One of the few big purchases he has made was for a bicycle. The second time his bike was stolen, we made him pay for the replacement, because he had left it unlocked in a high-theft area. (The first time the lock had been cut, and we paid for the replacement.)

  7. Cloud Says:

    We give allowance at the $1 x age in years per month formula, too. It isn’t tied to chores, but the kids do have chores, and they amount we expect the to do increases as they get older in a somewhat random manner – i.e., when we think of it, we add a chore and claim it is because they are getting older.

    We still get the requests for us to buy things, but them having their own money gives an easy out, so it feels pretty manageable.

    Next, we want to work on encouraging savings, but with interest rates so low, it is hard to make a case for putting a portion of their allowance in a bank account: they won’t see it grow! We’re still discussing how to handle that.

    • L. M. Says:

      In our house, allowance is not tied to chores at all. It is just an allotment of spending money attached to being part of the family, just as my husband and I each occasionally buy things because we want them. We generally believe that chores are the responsibility of everyone in the house, and it is reasonable to ask each kid to do a 10-15 minute chore each day (really, most don’t take even that long). If I’m looking for someone to do something extra, I offer a bit of extra dessert or screen time.

  8. omdg Says:

    My guess is that setting limits and saying no consistently is the best way to get rid of the gimmes (your excellent parenting), but the allowance trick probably works too.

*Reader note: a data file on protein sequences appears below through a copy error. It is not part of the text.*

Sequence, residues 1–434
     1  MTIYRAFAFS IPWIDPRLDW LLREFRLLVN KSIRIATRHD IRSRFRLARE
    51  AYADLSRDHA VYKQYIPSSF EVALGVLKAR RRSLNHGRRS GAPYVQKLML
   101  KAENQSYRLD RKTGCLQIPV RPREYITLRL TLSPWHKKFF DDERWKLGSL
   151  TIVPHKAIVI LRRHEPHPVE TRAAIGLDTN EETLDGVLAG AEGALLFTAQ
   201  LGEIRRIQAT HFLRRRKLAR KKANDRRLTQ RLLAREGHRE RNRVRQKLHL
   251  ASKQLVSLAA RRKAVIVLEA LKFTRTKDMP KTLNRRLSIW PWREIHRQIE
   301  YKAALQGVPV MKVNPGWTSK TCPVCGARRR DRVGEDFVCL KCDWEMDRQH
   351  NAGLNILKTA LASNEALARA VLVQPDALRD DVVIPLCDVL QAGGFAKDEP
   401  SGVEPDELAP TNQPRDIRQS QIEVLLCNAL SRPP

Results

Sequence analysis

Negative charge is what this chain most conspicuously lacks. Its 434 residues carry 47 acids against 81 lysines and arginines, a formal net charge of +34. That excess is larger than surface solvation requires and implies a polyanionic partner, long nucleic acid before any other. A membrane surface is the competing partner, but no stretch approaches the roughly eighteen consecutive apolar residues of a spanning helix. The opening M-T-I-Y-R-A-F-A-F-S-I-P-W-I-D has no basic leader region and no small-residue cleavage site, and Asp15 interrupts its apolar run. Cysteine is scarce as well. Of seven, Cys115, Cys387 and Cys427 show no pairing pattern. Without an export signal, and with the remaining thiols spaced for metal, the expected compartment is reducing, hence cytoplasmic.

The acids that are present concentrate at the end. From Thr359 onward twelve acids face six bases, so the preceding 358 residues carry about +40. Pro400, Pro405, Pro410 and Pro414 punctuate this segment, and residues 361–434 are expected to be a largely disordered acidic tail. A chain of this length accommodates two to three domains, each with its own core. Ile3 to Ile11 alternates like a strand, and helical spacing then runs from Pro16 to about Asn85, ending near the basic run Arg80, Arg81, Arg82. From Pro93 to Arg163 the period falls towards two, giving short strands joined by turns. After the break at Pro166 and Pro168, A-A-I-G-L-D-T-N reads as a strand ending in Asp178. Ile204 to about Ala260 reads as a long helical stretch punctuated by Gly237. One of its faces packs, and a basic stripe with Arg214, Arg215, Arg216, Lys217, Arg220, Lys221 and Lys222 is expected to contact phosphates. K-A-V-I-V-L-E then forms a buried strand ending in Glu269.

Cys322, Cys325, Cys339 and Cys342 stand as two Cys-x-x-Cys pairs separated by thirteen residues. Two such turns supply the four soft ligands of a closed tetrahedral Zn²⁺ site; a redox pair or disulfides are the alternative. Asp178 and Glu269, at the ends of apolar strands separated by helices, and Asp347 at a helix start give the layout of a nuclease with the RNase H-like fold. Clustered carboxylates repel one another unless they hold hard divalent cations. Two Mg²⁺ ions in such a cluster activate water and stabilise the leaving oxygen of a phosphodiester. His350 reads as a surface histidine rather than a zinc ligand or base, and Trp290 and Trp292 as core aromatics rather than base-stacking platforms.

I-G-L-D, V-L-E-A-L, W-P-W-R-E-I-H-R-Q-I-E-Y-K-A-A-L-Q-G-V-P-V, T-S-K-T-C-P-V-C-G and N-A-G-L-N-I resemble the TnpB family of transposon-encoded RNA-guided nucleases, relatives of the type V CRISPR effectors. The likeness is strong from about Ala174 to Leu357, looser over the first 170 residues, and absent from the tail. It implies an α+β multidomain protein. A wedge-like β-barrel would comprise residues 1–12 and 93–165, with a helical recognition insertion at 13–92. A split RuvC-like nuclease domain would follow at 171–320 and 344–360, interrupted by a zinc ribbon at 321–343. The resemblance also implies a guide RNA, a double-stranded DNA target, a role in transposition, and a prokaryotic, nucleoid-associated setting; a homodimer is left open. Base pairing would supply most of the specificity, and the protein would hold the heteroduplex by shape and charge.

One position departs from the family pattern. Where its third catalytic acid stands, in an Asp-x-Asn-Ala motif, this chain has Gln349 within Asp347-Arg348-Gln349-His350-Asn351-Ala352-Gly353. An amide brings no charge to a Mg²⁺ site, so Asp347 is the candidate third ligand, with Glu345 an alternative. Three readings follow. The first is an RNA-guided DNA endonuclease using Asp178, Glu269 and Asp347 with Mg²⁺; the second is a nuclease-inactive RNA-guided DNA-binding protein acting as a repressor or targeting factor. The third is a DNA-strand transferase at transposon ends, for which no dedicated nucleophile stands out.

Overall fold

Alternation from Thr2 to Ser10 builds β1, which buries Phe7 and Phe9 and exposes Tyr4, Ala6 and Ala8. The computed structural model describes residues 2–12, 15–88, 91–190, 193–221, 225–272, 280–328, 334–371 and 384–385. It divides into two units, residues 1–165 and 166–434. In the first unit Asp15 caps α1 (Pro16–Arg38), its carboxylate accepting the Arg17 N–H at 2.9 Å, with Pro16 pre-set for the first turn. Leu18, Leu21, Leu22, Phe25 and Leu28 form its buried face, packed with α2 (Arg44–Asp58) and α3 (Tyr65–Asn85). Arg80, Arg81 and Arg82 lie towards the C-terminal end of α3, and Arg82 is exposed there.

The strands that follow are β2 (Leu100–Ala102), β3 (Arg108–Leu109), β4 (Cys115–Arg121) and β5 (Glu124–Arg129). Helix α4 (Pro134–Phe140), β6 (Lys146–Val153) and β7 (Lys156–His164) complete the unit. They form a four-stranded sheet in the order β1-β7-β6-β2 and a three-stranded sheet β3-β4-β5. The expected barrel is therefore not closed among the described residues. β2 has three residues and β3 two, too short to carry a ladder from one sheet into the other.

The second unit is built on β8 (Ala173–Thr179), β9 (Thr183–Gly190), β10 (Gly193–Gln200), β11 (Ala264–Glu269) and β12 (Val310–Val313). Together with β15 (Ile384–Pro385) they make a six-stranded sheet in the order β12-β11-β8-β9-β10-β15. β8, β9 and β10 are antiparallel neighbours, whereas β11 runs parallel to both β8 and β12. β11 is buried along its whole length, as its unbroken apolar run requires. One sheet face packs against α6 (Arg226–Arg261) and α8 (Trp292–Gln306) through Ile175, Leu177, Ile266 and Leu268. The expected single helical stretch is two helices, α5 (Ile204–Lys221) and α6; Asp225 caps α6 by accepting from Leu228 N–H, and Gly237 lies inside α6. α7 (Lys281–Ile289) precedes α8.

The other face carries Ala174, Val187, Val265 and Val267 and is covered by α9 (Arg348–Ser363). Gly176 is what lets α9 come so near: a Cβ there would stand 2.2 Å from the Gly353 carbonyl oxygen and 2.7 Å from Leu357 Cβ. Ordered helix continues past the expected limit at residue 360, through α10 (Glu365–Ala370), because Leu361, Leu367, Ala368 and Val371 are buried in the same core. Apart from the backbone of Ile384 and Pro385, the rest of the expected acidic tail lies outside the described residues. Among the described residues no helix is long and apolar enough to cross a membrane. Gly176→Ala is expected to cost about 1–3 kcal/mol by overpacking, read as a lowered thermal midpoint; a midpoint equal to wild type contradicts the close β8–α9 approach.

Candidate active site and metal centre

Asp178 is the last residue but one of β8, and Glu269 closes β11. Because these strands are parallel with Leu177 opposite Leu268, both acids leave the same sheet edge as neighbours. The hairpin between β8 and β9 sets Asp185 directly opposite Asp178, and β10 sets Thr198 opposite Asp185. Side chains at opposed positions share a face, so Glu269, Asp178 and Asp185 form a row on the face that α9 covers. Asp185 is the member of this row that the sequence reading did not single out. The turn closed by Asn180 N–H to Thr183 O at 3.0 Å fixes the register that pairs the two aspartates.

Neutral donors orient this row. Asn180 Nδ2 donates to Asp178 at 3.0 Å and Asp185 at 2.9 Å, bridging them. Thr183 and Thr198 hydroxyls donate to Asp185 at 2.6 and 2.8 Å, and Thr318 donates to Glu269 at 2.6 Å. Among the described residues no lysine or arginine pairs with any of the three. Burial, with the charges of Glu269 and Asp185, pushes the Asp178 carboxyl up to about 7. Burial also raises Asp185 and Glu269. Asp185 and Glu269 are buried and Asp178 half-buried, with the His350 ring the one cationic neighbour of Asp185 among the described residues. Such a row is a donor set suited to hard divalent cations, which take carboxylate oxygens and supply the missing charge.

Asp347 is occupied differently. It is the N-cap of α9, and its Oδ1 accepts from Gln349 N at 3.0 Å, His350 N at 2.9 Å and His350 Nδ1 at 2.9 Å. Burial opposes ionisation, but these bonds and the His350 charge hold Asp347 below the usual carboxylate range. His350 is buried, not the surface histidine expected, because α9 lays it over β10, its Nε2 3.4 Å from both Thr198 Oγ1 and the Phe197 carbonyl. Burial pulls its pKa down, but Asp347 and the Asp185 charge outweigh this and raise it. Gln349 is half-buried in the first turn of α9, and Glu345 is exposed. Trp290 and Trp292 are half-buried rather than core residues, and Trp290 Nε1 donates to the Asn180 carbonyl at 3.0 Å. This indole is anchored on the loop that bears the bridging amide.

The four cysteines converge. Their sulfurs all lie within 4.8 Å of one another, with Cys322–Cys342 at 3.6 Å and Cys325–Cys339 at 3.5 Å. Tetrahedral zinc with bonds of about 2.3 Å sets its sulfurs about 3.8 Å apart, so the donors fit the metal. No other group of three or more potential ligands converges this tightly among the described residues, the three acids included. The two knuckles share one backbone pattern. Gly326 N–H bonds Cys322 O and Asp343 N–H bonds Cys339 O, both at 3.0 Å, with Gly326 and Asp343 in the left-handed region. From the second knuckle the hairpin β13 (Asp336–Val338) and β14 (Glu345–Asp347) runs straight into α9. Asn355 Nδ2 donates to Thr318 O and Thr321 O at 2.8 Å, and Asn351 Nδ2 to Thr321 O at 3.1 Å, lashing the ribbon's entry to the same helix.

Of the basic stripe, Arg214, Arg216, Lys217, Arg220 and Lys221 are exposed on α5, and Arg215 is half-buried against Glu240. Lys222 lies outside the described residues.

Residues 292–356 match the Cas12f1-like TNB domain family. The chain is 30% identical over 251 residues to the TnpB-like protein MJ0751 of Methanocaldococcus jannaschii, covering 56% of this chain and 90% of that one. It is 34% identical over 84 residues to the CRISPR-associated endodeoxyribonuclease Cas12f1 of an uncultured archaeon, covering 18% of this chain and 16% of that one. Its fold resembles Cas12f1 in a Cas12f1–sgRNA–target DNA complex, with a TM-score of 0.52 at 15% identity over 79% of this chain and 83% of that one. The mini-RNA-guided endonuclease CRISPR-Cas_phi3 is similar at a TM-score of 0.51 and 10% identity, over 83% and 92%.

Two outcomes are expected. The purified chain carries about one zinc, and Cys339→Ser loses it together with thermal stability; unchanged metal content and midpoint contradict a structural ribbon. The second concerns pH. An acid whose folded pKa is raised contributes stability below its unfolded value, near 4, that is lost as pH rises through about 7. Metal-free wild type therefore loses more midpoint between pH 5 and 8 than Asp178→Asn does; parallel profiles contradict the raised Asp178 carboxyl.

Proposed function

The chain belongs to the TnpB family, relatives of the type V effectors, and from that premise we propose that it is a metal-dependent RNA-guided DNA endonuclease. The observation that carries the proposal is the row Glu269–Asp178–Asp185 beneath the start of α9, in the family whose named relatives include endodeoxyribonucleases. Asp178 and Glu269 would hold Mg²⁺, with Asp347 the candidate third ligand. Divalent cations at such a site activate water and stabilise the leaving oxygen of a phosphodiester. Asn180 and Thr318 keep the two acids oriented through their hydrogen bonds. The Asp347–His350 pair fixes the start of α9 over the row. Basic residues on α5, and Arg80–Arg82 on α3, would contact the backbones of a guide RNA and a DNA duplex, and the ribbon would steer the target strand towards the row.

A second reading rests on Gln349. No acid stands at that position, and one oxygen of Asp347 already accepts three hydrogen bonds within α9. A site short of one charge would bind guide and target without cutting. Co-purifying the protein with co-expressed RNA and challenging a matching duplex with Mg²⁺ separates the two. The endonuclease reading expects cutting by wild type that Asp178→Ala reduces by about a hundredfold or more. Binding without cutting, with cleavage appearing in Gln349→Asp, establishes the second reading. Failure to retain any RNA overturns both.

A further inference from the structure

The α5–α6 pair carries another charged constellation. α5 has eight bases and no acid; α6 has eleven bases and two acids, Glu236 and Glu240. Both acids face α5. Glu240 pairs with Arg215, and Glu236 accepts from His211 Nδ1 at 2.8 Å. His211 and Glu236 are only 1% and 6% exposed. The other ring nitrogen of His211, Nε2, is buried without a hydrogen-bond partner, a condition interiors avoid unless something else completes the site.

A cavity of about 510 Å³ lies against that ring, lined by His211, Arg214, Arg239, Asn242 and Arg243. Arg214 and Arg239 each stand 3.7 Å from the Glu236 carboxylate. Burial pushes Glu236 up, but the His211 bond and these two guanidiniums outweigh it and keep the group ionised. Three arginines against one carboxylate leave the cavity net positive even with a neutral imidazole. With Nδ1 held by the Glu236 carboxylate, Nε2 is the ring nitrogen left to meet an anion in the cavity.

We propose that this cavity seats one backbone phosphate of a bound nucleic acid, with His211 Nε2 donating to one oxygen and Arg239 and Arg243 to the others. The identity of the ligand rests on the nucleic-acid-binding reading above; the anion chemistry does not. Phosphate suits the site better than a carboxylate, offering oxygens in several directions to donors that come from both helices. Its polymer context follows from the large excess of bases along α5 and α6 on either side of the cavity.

• nicoleandmaggie Says:

      Ha! Maybe! But it is definitely easier to say no consistently if it isn’t really a no so much as a, “you get to make this decision given your own budget constraints”.

  9. First Gen American Says:

    We also have one other unofficial savings tool, the 5 gallon water bottle. Extra change goes in it and we called it the car fund. The first one took 10 years to fill but had about $2K in it. Now the second one is being filled for kid #2. With interest rates are essentially 0 I don’t feel guilt over earnings and you can literally see your money grow. Our local Bank has a coin counter that charged very little. (I think it was 1 or 2%) so it didn’t sting to cash in like a coin star. Call around if you have coins.

  10. slnoonanj Says:

    We do the same with our kids, and they’re pretty good savers. The problem is now that they are teens and want to spend their money on stuff that is crazy. For instance, our oldest just bought a $70 designer t-shirt. We really struggle with this – on the one hand, it’s their money. On the other hand, $70 FOR A T-SHIRT? Not quite sure how to handle it. We’ve tried a lot of things – talking about value, how this might make others who can’t afford these things feel, etc. None of them seem to work – we just get a teenager rolling his eyes at his uncool parents. They are learning about the consequences of this though – after he bought that t-shirt, he wanted something else at another store, but couldn’t afford it.

    • nicoleandmaggie Says:

      Consequences is pretty good, so long as the allowance is low enough that there are some.

    • L.M. Says:

      Our kids have wanted to buy things we don’t really approve of as they’ve gotten older (in middle and high school). We have the same discussions with them – it’s not a good value, you won’t have money for something else more important. A few times, I’ve made them wait a week or two and then, if they still really want it, they can buy it. Sometimes, the desire fades. We also have a caveat that we can veto any purchase because we’re the adults, but we only really apply it to things that we don’t allow in the house in general (certain video games, slime – because I’ve banned it, etc.). It is better to learn the consequences of overspending for a t-shirt as a teenager than to learn from a larger purchase as an adult.